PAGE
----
Vincent checked the dead body for a wallet. He didn’t find one, not that he thought he would. These were pros. After hiding the dead man behind a pile of wood, he walked back to the house and slipped through the door without a sound. It was locked, but that never mattered. Doors were easier to open with his fingers than skulls were.
Vincent Harris soon found himself in a poorly lit kitchen. He stood still. He adjusted his eyes to the available lighting and looked around. His heartbeat slowly, his breathing was undetectable. If he chooses to move, he will do so in silence. He heard a pair of women’s voices coming from the basement but couldn’t make out what they were saying. He smelled a man and could hear him breathing, but he wasn’t currently speaking. He knew there was nothing going on upstairs.
Nothing was weird or unusual about the kitchen he stood in. A table with two chairs. A third chair against the wall, under a cabinet. The sink was empty save for an empty wine bottle.
He began to make his way towards the basement, towards the voices. His footsteps made no sounds. A cat walked right past him, without even registering his presence. Even though he was visible in the poorly lit kitchen, he cast no shadow, and no one- not even cats- would notice him unless he wanted them to. Hiding his shadow was old hat now, but the trick gave him plenty of trouble when he first started out.
Vincent Harris opened the basement door with the same silence that he had done everything else with this evening and eyeballed the staircase. The women’s voices could still be heard. The man he smelled was still silent.
Pausing for a moment, Vincent sniffed the air, and a puzzled look came across his face. Blinking twice, he reached into his pocket and pulled out something that resembled a small hand grenade. It was filled with sleeping gas instead of a potential explosion. He pulled the pin and tossed it down the steps. He stepped back and shut the door, while he began to count.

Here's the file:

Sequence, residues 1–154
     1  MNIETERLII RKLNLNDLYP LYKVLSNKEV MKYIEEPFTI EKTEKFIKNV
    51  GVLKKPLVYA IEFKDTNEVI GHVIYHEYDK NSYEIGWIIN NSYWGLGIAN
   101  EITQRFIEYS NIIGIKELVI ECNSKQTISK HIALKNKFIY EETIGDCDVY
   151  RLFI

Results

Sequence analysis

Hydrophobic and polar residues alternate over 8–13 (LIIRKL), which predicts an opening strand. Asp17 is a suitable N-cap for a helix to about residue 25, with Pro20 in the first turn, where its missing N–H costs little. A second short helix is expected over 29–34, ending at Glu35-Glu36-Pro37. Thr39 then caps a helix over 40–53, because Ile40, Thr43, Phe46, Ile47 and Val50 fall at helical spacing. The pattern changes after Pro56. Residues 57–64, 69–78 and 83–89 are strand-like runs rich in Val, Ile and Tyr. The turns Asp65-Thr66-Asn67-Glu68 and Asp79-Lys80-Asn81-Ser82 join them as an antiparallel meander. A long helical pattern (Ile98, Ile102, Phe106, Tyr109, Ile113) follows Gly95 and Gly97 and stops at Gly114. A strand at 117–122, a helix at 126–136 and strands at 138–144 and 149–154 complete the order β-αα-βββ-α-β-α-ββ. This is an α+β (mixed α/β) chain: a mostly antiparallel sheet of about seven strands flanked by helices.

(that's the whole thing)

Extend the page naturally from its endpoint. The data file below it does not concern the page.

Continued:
When he reached fifty, he re-opened the door and walked down the steps like it was his house. It might as well have been. The lights were on, but nobody was home.
Turning right at the bottom of the staircase, he saw exactly what he thought he would see. An unconscious, over weight, bald man in a cheap gray suit. He had a briefcase next to him, and there was a half-full wine glass sitting in front of him. A few feet away, on an end table that had obviously been fished out of the trash under the pretense of refinishing it, was a tape player. From the tape player came the voices of two women.
Vincent Harris knew what he was going to see and was not the least bit surprised by anything in his view. That didn’t mean he knew what was going on. He didn’t know why the man was playing a recording of two women talking, why there was an armed guard out back. He didn’t know what was in the brief case or why he was ordered to retrieve it and return it without viewing its contents.
His job wasn’t to know things. His job was to kill who he was told to kill. He was just doing a job, nothing more. Some people answer phones; some people work at a desk, he did this. He might not always like it but he didn’t have to like it, he just had to do it.
He grabbed the briefcase, broke the sleeping man’s neck and walked out like he was heading home from an annoying day at the office. That’s all this was to him.
Once outside, he retrieved the dead body from the wood pile and brought it into the kitchen. He then planted several explosive charges around the house. When he was finished, and far enough away, he detonated them.
The charges had a special chemical signature which when discovered by investigators, would let them know they should halt their investigation immediately.
“What a day,” Vincent said to himself while staring at the moon. “You know what I mean?” The moon looked back at him like it didn’t even hear him. He shook his head and hid in the trees surrounding the burning house and watched. He wasn’t looking for anything in particular, just making sure that no one came running out of the house as it finished burning.
About fifteen minutes after the explosion Vincent watched as a non-descript rental car pulled up to the what remained of the flaming house.
“That’s probably not supposed to be happening” he muttered.
A woman stepped out of the car, noted with a disappointed stare that something had gone horribly wrong and pulled a cell phone from her coat pocket.
She dialed a number and waited for three rings before someone picked up on the other end.
“Agent 34 on site.” She whispered into the phone “Something went wrong. House on fire. Please advise.” She hung up the phone, placed it back where it came from, got into the car and drove away.